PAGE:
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Interrogation Methods: Does the End Justify the Means

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Interrogation Methods: Does the End Justify the Means?


There are many methods of intelligence collection and even after the terrorist acts of 911, many feel that some of these collection methods infringe on the human rights. From satellites hearing in on phone conversations to photographing living areas, unbeknownst to the public the Intelligence Community has done it all. But after reports surfaced on the alleged types of interrogation techniques used at Guantanamo, there was no way to deny the use of interrogation as an intelligence collection method. Are the methods being used truly contributing to obtain information to help fight terrorism? The main question that ponders is, even if the success of this war against terror, just like other wars in the past, lies greatly on the intelligence collected, does the end justify the means?

Interrogation methods: Does the end justify the means?

The government has been using interrogation as a method of collecting human intelligence (HUMINT) for years. The rules of engagement in the use of interrogation have changed since throughout the years. Recent events, like the CIA memorandum, dated December 30, 2004, which listed their interrogation techniques, have lead 65% of the general public, in accordance to research done by Belden Russonello & Stewart Research and Communications, to disapprove of the government's actions taken in the name of fighting terrorism. As upsetting as the details of this CIA's torture techniques may seem to the general public, we must consider that America has not been attacked by terrorists since September 2001. (Mullin, 2009)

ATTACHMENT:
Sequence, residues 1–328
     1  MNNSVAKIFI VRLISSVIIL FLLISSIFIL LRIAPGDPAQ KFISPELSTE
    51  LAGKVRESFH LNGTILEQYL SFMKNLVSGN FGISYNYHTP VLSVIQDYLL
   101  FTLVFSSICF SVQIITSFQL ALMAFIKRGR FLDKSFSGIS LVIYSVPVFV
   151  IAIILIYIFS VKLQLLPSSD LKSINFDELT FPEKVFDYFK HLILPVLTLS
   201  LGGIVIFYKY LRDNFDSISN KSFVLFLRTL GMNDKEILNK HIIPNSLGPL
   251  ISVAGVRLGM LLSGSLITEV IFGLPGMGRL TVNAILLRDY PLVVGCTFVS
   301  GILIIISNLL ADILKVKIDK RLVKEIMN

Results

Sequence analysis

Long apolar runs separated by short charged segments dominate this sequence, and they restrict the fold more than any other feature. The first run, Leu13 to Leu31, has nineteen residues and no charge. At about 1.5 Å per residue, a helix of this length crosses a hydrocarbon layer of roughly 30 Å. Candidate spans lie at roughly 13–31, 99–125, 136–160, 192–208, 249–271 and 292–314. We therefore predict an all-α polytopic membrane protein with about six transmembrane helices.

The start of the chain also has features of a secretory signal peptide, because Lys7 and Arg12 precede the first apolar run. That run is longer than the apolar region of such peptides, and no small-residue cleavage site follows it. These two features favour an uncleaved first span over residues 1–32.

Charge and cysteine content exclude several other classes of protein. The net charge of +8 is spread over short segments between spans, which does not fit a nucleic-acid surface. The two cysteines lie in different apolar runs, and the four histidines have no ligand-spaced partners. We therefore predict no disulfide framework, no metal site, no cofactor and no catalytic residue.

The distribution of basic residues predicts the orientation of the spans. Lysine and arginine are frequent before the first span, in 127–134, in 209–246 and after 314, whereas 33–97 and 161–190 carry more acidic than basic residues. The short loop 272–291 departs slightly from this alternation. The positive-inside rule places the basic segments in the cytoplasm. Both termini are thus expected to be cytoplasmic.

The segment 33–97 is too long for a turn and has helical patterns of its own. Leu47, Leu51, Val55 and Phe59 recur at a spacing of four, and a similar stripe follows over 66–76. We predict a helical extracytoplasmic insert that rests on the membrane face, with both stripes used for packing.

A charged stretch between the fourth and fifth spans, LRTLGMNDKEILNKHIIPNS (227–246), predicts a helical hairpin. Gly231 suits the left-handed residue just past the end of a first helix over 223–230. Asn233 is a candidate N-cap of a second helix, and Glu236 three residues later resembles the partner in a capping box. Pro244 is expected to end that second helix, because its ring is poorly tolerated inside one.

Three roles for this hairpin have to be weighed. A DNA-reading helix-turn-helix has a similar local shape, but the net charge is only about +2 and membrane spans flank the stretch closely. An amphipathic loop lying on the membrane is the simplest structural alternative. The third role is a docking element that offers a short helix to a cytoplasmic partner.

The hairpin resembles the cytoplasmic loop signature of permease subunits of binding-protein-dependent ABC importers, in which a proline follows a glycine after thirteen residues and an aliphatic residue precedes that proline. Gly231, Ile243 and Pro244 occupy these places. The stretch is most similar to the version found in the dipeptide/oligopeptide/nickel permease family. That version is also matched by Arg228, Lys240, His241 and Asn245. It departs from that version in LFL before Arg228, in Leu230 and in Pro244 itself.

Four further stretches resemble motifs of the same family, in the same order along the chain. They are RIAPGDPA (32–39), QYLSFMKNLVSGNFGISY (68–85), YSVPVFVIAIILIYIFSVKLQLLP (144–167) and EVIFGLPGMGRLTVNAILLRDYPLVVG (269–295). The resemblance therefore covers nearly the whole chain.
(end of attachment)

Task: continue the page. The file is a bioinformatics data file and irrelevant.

In order to evaluate whether the information collected during interrogations have contributed to the success of Nation's security or not we must look at the history of the use of this method of intelligence collection and how it has affected the outcome of historical events or the prevention of attacks against the United States. In addition, it must be taken into consideration what the general public sees as unusual and cruel punishment when referring to interrogations and what the government defines as unusual and cruel punishment. In order to achieve this distinction research on the general public's opinion will be made and interviews with military personnel who work at Guantanamo regarding their experience and opinions as well. Interviews with personnel who have completed Combat Survival Training, in which military members are trained to survive interrogations if caught as POWs, will be performed in order to understand how the interrogation methods really affect the person being interrogated and if they seemed effective.

In order to define whether the end justifies the



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